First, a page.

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Two guys showed up in an ER with stab wounds, but were they punctured in a Theater District club?

The Boston Licensing Board on Thursday considers two wildly different accounts of how two patrons of Bijou, 51 Stuart St., wound up in the Boston Medical Center emergency room with stab wounds on Dec. 5.

But even if the board accepts Bijou's argument the men were stabbed a block away, at Washington and Stuart Street in a fight that had nothing to do with the nightclub, it could still face trouble for not calling police after a fight inside that the club's own surveillance video showed involved men getting punched to the floor.

At a hearing this morning, the board heard a police detective testify that the two men were stabbed - one in the chest, one in the back - after some sort of argument inside the club around 12:30 a.m., but that they did not realize it at first because they were stabbed at the same time they were also punched - one victim told a detective he felt himself start to fall unconscious. Neither man's injuries proved life threatening, police said.

As the board, detectives, club managers and bouncers and the club attorney watched club video of the incident, the detective said he could see what appeared to be a knife in one attacker's hand.

But club attorney Karen Simao said that while detectives are trained observers, she respectfully disagreed that was what was happening in the video of the darkened room, that the two men were not stabbed inside the club and that they were, in fact, stabbed at Washington and Stuart - possibly in a fight not even involving the guys from the club.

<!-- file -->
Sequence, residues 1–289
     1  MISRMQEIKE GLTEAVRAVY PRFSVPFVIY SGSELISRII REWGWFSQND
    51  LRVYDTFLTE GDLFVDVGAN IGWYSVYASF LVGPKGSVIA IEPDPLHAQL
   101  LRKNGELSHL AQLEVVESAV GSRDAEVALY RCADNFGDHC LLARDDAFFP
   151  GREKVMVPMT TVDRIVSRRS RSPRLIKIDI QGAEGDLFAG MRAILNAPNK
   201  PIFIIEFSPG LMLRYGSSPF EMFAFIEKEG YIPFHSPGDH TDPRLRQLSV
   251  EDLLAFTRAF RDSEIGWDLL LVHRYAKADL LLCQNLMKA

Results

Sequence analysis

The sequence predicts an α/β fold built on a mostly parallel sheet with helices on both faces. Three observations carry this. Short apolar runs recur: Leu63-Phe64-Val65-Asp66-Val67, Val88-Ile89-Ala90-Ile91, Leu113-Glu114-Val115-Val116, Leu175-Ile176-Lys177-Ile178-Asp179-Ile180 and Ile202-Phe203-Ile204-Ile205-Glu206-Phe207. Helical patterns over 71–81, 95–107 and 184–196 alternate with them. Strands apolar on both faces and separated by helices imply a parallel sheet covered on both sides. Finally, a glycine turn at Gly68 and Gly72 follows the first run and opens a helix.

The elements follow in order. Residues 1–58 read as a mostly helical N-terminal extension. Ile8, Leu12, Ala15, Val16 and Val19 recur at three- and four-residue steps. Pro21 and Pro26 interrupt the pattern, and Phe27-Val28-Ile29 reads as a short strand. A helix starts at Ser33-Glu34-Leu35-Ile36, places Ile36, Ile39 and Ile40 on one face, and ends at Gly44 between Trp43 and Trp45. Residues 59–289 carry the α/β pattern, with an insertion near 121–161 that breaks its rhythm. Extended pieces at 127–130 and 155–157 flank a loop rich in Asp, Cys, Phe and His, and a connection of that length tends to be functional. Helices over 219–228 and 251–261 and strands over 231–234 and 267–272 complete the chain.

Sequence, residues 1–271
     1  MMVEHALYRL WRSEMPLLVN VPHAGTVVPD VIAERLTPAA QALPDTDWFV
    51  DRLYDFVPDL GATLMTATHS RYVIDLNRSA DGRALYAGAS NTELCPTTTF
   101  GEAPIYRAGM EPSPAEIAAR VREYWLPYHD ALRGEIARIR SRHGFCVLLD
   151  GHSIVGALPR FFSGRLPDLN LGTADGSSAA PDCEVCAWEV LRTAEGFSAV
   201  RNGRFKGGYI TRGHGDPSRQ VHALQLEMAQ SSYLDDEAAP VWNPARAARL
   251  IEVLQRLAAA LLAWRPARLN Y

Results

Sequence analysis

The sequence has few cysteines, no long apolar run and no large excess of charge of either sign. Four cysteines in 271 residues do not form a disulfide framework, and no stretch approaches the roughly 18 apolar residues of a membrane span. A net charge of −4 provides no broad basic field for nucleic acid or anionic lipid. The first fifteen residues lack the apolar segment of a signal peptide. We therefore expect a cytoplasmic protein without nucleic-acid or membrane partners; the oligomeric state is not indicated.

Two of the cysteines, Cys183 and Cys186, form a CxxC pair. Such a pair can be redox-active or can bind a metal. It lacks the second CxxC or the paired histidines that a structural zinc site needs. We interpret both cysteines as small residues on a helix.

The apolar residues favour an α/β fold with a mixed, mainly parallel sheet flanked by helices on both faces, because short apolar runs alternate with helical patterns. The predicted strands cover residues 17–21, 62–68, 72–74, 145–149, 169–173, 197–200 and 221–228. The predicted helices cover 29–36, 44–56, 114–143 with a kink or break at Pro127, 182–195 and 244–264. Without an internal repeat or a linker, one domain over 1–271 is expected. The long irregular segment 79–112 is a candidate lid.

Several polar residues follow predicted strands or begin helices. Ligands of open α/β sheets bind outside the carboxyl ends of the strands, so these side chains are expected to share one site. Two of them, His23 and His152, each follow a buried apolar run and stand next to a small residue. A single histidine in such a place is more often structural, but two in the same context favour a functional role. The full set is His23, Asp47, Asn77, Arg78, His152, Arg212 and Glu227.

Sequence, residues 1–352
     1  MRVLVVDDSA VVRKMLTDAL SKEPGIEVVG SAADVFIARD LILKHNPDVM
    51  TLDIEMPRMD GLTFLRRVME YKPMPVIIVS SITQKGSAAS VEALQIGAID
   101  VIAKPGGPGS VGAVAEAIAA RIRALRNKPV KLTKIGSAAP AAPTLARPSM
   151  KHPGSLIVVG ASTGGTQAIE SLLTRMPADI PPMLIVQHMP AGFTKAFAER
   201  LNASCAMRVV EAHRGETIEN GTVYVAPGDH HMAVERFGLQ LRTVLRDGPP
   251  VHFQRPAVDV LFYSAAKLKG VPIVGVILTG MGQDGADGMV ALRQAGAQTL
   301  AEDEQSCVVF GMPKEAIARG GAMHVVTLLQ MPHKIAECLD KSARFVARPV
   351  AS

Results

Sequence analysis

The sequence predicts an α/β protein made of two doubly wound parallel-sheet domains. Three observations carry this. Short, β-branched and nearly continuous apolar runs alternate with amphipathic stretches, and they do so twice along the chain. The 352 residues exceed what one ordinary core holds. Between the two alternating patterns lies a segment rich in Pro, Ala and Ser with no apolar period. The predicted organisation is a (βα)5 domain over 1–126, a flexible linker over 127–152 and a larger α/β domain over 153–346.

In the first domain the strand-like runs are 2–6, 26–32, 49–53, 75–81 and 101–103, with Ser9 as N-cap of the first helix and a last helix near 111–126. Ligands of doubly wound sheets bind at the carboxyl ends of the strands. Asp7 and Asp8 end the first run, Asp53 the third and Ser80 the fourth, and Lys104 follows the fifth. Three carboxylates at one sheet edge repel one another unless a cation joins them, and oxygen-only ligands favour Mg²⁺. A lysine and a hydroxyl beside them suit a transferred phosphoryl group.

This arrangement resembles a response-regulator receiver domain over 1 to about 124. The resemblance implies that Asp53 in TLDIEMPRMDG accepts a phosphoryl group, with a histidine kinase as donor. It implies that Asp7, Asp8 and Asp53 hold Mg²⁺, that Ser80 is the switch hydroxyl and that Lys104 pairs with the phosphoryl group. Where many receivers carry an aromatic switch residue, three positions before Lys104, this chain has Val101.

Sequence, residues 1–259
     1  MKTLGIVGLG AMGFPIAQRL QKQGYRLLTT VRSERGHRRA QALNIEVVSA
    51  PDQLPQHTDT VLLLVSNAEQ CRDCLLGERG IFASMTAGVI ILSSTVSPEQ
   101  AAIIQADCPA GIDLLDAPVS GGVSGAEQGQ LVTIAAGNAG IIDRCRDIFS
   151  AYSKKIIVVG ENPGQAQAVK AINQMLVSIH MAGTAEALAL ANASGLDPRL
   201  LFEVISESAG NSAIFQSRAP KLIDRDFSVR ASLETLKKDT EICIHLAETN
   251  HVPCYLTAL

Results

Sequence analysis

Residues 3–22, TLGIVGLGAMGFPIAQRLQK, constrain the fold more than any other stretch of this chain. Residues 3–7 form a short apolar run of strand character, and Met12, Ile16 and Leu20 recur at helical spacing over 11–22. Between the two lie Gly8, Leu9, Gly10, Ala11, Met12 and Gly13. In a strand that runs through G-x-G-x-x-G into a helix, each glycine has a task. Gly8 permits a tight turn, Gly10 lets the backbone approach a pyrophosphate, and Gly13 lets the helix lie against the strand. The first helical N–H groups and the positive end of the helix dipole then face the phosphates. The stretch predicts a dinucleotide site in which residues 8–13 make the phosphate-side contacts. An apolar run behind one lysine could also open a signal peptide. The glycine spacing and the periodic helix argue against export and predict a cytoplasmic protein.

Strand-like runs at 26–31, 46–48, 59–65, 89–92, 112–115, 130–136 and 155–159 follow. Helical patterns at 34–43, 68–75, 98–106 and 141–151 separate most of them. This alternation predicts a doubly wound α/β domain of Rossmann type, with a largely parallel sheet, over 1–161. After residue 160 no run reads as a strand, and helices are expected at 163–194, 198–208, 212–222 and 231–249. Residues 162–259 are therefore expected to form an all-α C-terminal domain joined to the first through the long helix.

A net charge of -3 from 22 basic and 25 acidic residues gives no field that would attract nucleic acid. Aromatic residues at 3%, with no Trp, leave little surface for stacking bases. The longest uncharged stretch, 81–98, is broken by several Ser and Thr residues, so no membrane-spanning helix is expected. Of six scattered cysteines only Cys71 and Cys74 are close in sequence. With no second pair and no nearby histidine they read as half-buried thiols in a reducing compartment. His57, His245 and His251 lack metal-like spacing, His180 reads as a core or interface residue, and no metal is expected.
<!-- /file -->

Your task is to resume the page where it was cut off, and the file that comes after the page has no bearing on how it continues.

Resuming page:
Simao based this in part on a statement by the livery driver who took the men to the emergency room and who said he offered them a ride from there after spotting one of the two lying on the ground. She added that there is no way somebody could have gotten a knife into Bijou - the club not only uses a metal-detecting wand but pats down incoming customers. And she said the video showed the two alleged victims were, in fact, the troublemakers, circling the table at which their alleged attackers were sitting.

Board member Liam Curran said he found a couple of things odd about the story by the victims, who did not attend the hearing. One item taken as evidence by detectives from them was a pair of bloody sweatpants. But even on a weekday night, such as this one, Bijou has a dress code that would have seen the men turned away for wearing them. He also questioned why the two went to Boston Medical Center for care when they were picked up - whether outside the club or at Washington and Stuart - right across the street from Tufts Medical Center.

But Curran had stern words for Bijou on not calling police - as required by its license - after the fight.

Club managers testified they did not realize the men were even hurt after the fight, that the men were, in fact, apologetic and that the two groups left the club - separated by some period of time - quietly.

Simao said "hindsight is 20/20," but that at the time, the incident just did not seem to be that serious. But Curran said that even if the club's account was correct - and the man made up their account of a bouncer telling them one of them had been stabbed - the fact the video showed a physical fight was enough reason to call police.

"If someone's punched in the face and falls to the ground, I think we're talking presumed injury," he said.



The origin of the label 'Combat Zone' had nothing to do with the presence of strip clubs and porn theatres. The judge who coined the term was referring to the shenanigans of sailors from Charlestown Navy Yard in the Essex st bars during the Korean War years.

These days, the Combat Zone has moved to what used to be called the Theatre District.

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These days, the Combat Zone has shrink to exactly two strip clubs next to each other on Lagrange Street, basically an alley off Washington. Washington Street itself has become home to luxury apartments and condos.

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